But, it does create a reflexive response from the nervous system to down-regulate or temporarily reduce tone in a tissue. This means we can take advantage of it’s short-term benefit and use SMR to facilitate better flexibility, movement, and recovery. However, alone it’s long-term benefits are very few and far between.
Instead of rolling around and hoping for the best, how about teaching your body how to get into certain positions with better awareness and control. Your hamstrings are tight? You may be more quickly rewarded by addressing mobility and movements that lengthen the hamstring throughout the full range of motion. This approach has been more productive and creates sustainable, long-term results.
Ultimately, what we have to realize that there is more to range of motion that just one specific muscle that appears to be tight. I know your hamstrings always feel like they limit motion and are achey. But, is that due to poor gluteal firing, inability to appreciate end-range of motion so the hamstrings are protecting, or lack of stability elsewhere? All of the above mentioned issues will NOT be corrected with the foam roller. Yes, a foam roller may allow you to temporarily feel less tight. However, it will not correct the underlying issue when completed in isolation.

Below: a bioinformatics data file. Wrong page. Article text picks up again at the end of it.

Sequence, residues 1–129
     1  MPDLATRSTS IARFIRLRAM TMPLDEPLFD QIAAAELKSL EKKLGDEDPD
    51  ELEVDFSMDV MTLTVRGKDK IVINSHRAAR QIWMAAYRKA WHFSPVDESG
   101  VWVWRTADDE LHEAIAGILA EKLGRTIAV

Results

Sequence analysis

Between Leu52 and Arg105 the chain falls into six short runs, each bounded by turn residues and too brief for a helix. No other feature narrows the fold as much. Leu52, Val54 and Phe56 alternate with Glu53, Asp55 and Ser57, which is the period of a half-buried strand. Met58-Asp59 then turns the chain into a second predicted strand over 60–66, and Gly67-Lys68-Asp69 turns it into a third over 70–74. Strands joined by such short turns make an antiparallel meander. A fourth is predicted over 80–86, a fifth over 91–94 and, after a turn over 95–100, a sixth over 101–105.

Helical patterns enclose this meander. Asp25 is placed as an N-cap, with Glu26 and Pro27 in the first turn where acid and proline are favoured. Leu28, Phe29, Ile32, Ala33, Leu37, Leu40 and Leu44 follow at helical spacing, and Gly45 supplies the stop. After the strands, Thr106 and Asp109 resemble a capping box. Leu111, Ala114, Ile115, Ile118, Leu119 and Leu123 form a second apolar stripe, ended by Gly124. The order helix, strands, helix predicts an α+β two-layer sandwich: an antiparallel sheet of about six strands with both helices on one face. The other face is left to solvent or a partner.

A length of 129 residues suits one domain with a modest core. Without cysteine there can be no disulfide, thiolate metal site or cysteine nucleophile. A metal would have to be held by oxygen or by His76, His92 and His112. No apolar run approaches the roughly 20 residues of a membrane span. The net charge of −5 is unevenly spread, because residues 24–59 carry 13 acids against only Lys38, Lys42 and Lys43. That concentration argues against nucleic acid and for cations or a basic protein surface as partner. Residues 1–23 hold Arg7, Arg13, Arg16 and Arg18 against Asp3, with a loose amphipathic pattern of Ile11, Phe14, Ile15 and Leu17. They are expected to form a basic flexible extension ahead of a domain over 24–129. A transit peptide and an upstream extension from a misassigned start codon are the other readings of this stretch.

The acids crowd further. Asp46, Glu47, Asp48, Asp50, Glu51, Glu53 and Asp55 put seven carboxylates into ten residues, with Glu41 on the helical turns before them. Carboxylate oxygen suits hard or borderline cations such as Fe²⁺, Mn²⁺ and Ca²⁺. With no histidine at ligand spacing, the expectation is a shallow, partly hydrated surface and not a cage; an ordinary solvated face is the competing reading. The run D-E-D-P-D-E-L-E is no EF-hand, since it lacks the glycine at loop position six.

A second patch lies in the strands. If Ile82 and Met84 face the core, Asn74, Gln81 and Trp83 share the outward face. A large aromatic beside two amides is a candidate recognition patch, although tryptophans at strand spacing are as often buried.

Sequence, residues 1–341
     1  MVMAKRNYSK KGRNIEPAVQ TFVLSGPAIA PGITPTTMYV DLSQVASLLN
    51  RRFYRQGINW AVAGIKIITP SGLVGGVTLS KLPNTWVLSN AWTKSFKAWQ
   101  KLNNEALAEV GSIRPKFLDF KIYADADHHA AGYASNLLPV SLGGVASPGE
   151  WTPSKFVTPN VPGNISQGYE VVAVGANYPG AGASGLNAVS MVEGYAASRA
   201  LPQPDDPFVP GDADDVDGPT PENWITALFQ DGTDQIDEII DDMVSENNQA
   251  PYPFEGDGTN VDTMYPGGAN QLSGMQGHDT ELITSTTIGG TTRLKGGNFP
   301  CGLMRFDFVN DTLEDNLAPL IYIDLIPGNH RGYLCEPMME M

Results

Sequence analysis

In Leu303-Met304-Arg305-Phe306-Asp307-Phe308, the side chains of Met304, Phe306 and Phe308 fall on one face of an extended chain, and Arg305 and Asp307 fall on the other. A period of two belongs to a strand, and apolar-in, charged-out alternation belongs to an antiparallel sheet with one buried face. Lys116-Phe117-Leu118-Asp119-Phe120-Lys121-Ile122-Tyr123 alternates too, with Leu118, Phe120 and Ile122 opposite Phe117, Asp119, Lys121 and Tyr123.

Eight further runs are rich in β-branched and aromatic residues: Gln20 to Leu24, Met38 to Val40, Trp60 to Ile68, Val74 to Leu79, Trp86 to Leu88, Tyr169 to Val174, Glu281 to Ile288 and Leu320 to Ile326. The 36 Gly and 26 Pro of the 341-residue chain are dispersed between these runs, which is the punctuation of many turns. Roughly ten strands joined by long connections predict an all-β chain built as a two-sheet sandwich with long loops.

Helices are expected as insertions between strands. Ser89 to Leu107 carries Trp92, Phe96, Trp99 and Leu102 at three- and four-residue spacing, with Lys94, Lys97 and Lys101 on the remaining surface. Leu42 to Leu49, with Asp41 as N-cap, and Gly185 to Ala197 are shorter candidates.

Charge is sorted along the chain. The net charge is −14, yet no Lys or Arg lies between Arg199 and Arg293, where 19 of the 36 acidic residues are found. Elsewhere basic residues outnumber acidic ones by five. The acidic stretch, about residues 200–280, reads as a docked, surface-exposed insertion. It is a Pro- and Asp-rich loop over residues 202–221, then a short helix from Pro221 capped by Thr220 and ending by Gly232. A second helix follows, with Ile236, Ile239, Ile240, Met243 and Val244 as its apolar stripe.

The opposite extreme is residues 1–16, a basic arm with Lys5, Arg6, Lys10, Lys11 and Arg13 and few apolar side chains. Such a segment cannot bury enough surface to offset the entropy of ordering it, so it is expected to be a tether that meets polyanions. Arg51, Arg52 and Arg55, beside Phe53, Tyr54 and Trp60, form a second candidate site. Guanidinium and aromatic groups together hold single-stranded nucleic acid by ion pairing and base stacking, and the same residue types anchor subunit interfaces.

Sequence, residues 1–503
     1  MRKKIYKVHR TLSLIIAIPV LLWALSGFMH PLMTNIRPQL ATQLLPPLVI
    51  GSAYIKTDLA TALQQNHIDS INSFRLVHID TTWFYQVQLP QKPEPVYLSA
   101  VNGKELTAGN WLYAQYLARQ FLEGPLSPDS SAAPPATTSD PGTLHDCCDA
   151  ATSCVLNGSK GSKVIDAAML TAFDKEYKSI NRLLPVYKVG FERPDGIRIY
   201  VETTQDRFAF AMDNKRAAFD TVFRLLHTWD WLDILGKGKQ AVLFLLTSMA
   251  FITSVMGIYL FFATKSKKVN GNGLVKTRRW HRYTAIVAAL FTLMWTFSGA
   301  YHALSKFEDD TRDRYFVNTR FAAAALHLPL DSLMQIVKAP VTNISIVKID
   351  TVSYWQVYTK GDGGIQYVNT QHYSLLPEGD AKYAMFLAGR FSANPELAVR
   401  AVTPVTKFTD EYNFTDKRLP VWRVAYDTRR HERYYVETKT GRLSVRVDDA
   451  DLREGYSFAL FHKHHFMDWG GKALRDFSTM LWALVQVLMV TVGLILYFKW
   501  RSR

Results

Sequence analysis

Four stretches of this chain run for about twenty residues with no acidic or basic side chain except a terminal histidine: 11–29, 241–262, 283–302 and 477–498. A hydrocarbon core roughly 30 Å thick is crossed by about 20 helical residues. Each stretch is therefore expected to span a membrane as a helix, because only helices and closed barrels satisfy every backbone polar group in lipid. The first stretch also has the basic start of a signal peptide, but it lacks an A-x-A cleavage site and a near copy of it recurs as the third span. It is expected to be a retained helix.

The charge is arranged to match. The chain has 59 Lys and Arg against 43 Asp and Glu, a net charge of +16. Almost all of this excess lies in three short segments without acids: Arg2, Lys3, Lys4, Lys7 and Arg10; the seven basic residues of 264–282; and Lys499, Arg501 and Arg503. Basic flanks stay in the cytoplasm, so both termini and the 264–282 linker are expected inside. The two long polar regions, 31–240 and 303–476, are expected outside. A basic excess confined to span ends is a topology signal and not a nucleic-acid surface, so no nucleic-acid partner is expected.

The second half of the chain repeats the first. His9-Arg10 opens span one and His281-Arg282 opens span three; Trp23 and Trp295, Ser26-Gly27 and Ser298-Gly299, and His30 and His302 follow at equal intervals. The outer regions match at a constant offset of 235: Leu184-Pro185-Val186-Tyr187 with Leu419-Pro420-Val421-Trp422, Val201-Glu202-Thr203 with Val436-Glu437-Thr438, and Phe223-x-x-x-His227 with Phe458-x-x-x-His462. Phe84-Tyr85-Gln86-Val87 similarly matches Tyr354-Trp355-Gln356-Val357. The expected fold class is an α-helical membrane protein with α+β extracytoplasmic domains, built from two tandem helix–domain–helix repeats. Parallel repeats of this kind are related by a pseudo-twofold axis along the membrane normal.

What I’m trying to get at is you must incorporate daily doses of good quality of movement. Stop rolling around on a foam roller or trigger point ball for 10, 20, or 30-minutes and start teaching your body how to get in the right positions. We are so efficient as humans that I’m confident this approach will provide you better long-term and more sustainable results.
[Movement prep versus dynamic warm-up]
The dynamic warm-up is a topic that I’ve held several seminars on this past year. It was also something that I devoted plenty of content to on social media. To say I love this topic is an understatement.
The problem is, we often take warming up too literally. Yes, increasing tissue temperature and lubricating the joints is important before a workout or run. But, there are so many other aspects of a good dynamic warm-up that go overlooked.
Let’s put the term ‘dynamic warm-up’ on the back burner for just one second… How about we call anything we do before running and exercise ‘movement preparation.’ Movement prep is a term that is more synonymous with quality and function, than solely tissue and body temperature.
Movement preparation can include strategies, such as: foam rolling and self-myofascial release, flexibility and mobility drills, balance and stability exercises, full range of motion movements, power and plyometrics, and locomotion. All of these should be targeted at the specific areas your body needs addressed to move more efficiently, prepare for the activity that is soon to follow, and “warm-up” the body.
This is why I feel replacing the dynamic warm-up with a movement preparation routine would greatly impact you moving forward. Let’s stop using a general approach and hoping for individual benefits. Instead, learn which areas of your body need to be targeted in order to become a A+ mover. Then, hammer down day after day before each activity to address these. I think you’ll notice that movement quality improves, your workout and runs become more effortless, and automatically you end up “warm” and ready to rock and roll. Who would’ve thought?!?